Well, I got through the night, Monday, Jazz Night number one, with Satin Doll, a trio, my friends. It's a sleepy night. And then right toward the end, with the kitchen about to close, it gets a bit more complicated. Get the band's dinner order in, their cop friend shows up... Send the waiter home. Clean up after the water leaking down from the ceiling in the big summer rain.
I take a bottle of Pinot Noir home with me. The first few sips right there at that stressful hour of waiting to get the last dessert orders, oh, here come five people in from Nebraska, be their wine shrink, the first few sips taste pretty good. There's a pleasant law school professor at the bar by herself, I ask her about her sister's wedding on the Jersey shore, so a little sip of Beaujolais, a sip of the Pinot, one of the Chinon, what's the mood tonight... Then at that hour, it tastes pretty good. I pull out a little Tupperware container with Merguez sausages wrapped in wax paper, munch on them, right when the stomach pangs suddenly hit. They taste fine cold. Cut in half I can down one piece in between this and that. The busboy sweeps, I try to clear the last dinner plates, he's got his little system, the floor mat has expanded, producing a bump. We're in each other's way. Law professor H wants maybe something sweet, a dessert wine perhaps, after her plate of the vegetable du jour. She had an omelette at home, and here a glass of chardonnay. She likes the Jurançon I recommend. Late harvest, deep color. Met the guy who makes it once at a tasting. His father was a wine-maker.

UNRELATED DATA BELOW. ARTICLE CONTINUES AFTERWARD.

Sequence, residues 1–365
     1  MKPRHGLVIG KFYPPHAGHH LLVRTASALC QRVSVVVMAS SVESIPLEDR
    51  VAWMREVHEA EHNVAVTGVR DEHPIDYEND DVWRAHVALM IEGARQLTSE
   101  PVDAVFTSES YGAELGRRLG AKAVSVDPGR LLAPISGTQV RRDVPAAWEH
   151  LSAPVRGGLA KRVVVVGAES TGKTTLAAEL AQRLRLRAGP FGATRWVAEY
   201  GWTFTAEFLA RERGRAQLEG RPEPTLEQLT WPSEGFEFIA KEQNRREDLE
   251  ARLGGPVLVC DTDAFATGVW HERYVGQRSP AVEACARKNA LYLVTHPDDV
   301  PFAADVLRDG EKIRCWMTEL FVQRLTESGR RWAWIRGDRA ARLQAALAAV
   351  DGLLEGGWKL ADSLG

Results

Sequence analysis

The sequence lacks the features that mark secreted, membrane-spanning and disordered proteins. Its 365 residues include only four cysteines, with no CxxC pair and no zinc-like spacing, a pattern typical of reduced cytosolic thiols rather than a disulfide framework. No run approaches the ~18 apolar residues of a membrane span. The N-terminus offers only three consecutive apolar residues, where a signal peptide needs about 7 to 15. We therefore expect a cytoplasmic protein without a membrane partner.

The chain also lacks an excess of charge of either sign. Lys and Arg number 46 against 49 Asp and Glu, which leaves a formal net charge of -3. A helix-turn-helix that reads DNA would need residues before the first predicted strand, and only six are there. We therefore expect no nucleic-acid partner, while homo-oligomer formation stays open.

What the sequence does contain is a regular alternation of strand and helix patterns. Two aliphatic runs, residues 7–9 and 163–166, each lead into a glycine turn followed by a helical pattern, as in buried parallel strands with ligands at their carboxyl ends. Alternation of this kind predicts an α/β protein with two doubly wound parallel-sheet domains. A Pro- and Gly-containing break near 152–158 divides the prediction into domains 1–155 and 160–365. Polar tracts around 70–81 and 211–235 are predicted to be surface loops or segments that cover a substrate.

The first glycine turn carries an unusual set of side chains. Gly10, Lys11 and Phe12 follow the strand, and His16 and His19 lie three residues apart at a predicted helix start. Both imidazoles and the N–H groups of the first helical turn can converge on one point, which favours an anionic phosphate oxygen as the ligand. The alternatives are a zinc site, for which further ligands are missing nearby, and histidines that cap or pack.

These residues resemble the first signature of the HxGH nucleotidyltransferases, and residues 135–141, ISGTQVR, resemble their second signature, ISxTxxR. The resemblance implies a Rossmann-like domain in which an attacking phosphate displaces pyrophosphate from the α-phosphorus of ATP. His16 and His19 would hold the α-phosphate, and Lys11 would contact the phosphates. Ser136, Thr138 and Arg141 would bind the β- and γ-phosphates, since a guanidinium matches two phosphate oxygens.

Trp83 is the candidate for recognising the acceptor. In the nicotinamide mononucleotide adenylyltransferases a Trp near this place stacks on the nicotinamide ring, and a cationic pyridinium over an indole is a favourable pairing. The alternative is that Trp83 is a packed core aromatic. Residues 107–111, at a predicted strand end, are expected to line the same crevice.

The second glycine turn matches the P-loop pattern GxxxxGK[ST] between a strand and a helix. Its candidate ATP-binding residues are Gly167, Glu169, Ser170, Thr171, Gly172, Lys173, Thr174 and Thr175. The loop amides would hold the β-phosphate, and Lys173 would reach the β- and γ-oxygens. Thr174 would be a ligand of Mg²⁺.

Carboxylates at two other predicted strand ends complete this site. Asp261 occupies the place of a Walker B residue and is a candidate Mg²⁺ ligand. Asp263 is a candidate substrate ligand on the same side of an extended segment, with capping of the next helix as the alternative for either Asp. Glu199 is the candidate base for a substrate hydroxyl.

I put the red road bike on the stand, put on cycling shorts, got the remote within reach, the History Channel, the twenty-four hours after the Kennedy Assassination, then the same on Pearl Harbor. There was a pretty girl I could have had a nice stroll with I noticed when I stopped to look over Rock Creek Parkway from the Massachusetts Avenue bridge. The one Sunday I've had off exclusive of travels in a long time, and she had a book with her. I turned to walk down the grassy field and she kept straight. Idiot.
Somedays you wake up feeling, or thinking, what a big jerk you are. How you messed up everything. You feel cowed, cowed. Twenty five years later, I still feel cowed.
I cling to yoga today.
Writing, one might well conclude, is a thing for depressives, depressives working out their thoughts. It might be largely about just getting things out of the head, down on paper, something a bit satisfying about that process. As if you were menaced by unknown creatures at the edge of a wood and wished to know each one and where it was as you made the dark journey.
The whole point of sexuality, looked at it from one way, is primarily the enlightening quality of it, the sacred quality, the healing quality, the bringing together of two halves. In the highest being it is not directly procreative, and it really serves a far different purpose.
And when people are denied this basic bread of life, as they do in a world that commodifies and trades and elevates those who are skilled bargainers, who are necessary people who attach external rather than internal values upon a thing, the denied people become very vulnerable, they take a big knock. Christ, all I wanted was a kiss, and she makes it impossible.
And in particular, a young man, at a certain stage at least, is highly vulnerable. He knows intuitively the beauty, the great spiritual joy of contact with the one he obviously desires. The external value systems, though, tend to bleed over innocent souls reaching for each other.
I do yoga, the depression lifts, I can go face another night in the slow crucifying that is hospitality. And hopefully, hopefully, I will feel some sense of hope and not succumb.